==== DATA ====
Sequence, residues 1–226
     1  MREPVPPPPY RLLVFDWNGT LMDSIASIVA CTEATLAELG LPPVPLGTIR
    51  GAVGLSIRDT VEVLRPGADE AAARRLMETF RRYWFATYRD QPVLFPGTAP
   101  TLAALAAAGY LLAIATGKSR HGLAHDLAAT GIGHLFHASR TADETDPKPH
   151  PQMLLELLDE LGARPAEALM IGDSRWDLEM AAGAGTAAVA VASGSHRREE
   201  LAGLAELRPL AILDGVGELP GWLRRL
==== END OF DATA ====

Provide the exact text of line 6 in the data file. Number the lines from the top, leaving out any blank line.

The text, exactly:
   201  LAGLAELRPL AILDGVGELP GWLRRL